If you’ve ever even heard the term “prescription drug vending machine,” you probably pictured something similar to snack machines where you pick up a Diet Coke or a bag of Doritos: Insert some money (or swipe a card) and out pops a package of pills. It’s a common misconception, says Robert Bang, vice president of client services for InstyMeds, which rents its drug-dispensing machines to roughly 200 facilities in the U.S., primarily health centers, emergency rooms and urgent care centers. Most recently, Arizona State University (ASU) was added to the list, following the first campus to work with InstyMeds, Florida State University. ASU added the machine to its Health Services building in late 2014 after the closure of its on-campus pharmacy.
InstyMeds are not vending machines, though, but rather medication dispensers, explains Bang. Here’s how they work: In lieu of a prescription a patient gets a voucher from their doctor with a code that works for only 24 hours at a designated dispenser (sorry, no refills allowed). The patient enters the code and his or her birthdate, then puts in a credit or debit card for the co-pay — and out pops the packaged, labeled medication. The dispensing process takes only 90 seconds — in other words, no long lines at the pharmacy and no worries about store hours. In fact, the concept for InstyMeds was partly created out of the frustration of a former ER doc who couldn’t get an antibiotic after hours for his sick 5-year-old.
While the medications that are offered vary by location, InstyMeds machines mostly dispense antibiotics like amoxicillin, azithromycin and Tamiflu, antihistamines, inhalers, pain relievers and over-the-counter medications — “meds you need right now to feel better,” Bang says. “We’re not about dispensing chronic medication or repeat pain meds,” including opioids. The company also has a 24-hour call center to answer questions about how to use the dispenser, medication, insurance coverage and cost; the machines, which weigh a little under a ton, are locked and monitored, adds Bang.
No matter how many security measures are in place, however, stocking medications that can be abused — such as opioids, benzodiazepines and attention deficit disorder medications — in dispensers would be risky, says John O’Neill, director of addiction services at The Menninger Clinic in Houston. For the dispensation of antibiotics and drugs that don’t carry a risk of abuse or misuse, though, “I can certainly see how helpful it could be for a college student or someone who needs something after hours,” acknowledges O’Neill. “But,” he adds, “I really hesitate to embrace this idea, especially for controlled substances. I’ve worked in addiction long enough to be concerned that where there’s a will, there’s a way. People get very creative and they find every strategy … every technique to find a way to abuse a substance.”
O’Neill is one of many addiction treatment experts who are against the idea of using machines to deliver prescription drugs with the potential for abuse. After all, the inappropriate use of some prescription medications remains a growing problem – nearly seven million Americans abuse them, according to the National Institute on Drug Abuse. And in 2010, pharmaceutical drugs and opioid pain medications caused over 38,000 deaths — more than the lives lost to car crashes and firearms.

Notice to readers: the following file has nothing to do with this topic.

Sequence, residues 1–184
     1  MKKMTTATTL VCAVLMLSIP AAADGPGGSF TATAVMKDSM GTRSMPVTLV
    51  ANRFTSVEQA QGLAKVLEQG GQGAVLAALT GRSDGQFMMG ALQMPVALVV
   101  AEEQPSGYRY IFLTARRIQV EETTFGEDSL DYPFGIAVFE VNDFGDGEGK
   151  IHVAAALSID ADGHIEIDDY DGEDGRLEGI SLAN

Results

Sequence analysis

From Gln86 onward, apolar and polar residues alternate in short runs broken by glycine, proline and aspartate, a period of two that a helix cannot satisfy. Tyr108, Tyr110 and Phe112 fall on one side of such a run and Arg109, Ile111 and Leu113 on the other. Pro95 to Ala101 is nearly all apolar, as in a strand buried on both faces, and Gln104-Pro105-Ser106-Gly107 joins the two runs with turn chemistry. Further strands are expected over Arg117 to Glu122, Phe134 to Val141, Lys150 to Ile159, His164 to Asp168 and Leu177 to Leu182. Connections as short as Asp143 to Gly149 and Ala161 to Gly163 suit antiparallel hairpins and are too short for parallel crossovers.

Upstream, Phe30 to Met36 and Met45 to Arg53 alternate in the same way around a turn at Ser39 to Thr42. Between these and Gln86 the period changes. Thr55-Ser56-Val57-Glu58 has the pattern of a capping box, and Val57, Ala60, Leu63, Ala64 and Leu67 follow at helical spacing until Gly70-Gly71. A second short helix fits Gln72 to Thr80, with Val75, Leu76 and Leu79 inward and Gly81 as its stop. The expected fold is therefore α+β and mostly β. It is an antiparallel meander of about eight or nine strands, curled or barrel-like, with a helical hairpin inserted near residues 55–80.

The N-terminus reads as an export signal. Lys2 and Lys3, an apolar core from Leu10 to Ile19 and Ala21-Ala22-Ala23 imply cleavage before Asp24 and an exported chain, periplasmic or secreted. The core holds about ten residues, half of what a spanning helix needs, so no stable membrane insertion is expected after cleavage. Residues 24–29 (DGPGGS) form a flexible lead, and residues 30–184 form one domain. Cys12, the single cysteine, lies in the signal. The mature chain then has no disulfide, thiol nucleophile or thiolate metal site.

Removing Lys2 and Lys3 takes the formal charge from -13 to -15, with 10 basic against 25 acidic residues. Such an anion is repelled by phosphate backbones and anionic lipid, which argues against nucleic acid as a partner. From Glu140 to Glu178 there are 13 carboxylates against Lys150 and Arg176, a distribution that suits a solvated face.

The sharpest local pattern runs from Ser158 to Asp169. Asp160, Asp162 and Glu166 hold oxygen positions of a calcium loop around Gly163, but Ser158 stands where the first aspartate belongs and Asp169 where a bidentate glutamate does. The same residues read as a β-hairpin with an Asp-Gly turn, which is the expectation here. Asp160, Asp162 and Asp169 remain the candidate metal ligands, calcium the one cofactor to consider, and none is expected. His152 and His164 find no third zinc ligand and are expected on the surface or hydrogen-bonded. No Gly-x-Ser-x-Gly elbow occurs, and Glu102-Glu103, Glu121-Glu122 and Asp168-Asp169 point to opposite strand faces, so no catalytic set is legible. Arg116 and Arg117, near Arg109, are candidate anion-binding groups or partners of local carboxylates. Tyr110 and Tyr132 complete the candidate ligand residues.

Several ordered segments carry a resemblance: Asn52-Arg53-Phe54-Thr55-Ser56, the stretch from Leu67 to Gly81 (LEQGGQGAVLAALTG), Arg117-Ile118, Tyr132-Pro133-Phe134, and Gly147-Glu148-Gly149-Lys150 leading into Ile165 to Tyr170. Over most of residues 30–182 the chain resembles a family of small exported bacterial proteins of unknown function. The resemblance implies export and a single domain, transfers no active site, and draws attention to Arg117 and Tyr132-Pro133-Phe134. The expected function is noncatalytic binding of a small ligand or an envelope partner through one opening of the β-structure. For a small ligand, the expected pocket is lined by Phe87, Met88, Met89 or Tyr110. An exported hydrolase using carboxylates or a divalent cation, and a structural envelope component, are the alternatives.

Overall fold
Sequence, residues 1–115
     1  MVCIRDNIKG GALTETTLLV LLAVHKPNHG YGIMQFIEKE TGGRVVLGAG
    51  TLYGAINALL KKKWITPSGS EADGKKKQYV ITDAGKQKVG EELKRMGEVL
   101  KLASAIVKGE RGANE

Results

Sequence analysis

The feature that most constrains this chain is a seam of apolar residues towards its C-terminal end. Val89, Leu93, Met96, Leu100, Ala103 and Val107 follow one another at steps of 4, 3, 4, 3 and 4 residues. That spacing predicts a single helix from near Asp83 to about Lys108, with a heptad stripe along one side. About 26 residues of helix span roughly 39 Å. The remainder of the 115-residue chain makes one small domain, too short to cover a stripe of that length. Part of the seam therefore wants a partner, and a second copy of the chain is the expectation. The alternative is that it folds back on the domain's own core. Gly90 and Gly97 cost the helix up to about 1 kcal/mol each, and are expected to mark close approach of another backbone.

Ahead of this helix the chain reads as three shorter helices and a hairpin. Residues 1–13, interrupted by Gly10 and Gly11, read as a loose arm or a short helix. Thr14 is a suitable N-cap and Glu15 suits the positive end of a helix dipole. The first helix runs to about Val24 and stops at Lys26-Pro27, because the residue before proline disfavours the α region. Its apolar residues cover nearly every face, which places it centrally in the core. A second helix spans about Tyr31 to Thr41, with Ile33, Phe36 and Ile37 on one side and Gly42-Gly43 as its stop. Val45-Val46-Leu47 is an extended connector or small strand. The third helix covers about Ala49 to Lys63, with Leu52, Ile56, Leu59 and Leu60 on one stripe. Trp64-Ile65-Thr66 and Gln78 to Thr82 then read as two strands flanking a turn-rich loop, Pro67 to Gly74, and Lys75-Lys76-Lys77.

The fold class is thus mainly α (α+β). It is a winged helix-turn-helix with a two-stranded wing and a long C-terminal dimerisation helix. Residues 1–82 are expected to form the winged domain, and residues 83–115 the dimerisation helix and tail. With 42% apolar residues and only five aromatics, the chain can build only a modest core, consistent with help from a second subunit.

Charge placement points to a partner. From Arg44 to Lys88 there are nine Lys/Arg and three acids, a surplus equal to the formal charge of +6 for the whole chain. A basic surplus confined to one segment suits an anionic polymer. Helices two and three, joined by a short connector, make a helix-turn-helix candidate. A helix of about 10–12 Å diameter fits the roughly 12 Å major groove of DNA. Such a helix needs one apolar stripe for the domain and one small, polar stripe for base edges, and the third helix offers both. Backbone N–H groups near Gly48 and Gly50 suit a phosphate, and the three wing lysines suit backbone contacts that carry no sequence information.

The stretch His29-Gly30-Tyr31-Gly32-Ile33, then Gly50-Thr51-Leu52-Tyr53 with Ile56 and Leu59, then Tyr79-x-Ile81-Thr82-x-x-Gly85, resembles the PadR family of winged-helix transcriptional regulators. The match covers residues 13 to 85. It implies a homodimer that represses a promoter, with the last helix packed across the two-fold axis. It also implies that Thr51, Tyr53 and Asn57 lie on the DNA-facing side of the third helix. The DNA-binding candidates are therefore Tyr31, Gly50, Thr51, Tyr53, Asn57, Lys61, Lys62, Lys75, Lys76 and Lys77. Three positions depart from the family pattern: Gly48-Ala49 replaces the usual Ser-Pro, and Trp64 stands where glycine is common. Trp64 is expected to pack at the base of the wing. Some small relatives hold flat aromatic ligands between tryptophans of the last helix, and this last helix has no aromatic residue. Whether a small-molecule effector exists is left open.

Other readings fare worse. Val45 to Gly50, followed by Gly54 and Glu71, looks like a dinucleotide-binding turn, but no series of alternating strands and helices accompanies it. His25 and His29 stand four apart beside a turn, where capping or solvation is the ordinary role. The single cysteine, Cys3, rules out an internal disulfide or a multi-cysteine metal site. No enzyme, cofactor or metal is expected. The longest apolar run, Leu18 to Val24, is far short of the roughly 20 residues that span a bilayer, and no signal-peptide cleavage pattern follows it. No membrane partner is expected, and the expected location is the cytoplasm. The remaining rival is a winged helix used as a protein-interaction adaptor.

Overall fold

Vending Machines in Addiction Treatment
Vending machines for meds aren’t new. They’ve been used — somewhat controversially — in drug harm-reduction programs to dispense syringes in Australia, and in Canada to dispense crack pipes in an effort to reduce the spread of blood-borne illnesses like hepatitis C and HIV. “These harm reduction measures have good [evidence] that shows they help reduce disease and illness,” explains O’Neill. “They don’t, from the evidence, increase the ability of someone to use drugs. More people aren’t going to use drugs because they get clean crack pipes.”
However, O’Neill believes the potential risks of using these dispensers for drugs that help people maintain recovery — like methadone and suboxone — is too great: “Even with the various medications that are used to help with cravings and withdrawals, there’s potential for abuse,” he cautions.
Even potentially lifesaving overdose medications, such as naloxone (brand name: Narcan), require some instruction to use correctly, adds Charles O’Brien, MD, PhD, of the Charles O’Brien Center for Addiction Treatment in Philadelphia, and Kenneth Appel Professor in the Department of Psychiatry at the University of Pennsylvania. “While Narcan has no abuse potential and can save lives in the event of opioid overdose, it can also precipitate serious opioid withdrawal,” he says. “It can be given to friends, family and first responders – but with a little advanced training.” Currently, there are no plans to add overdose medications to the machines or dispensers. But “Good Samaritan” laws in 27 US states are helping to get naloxone into the hands of more people who could save friends, family or even strangers who might otherwise die of an overdose from heroin or an opioid painkiller.
Whether used in rehab, a hospital or on a campus, O’Neill says that when it comes to medications with the potential for abuse, there’s no substitute for human interaction and physician monitoring. “I get it that we’re stretched thin in terms of health care providers and being able to talk to people and be with them,” he says. “But we have such a problem with addiction that we actually need more health care providers spending more time and more attention to the substances that we’re giving out to everyone rather than less.”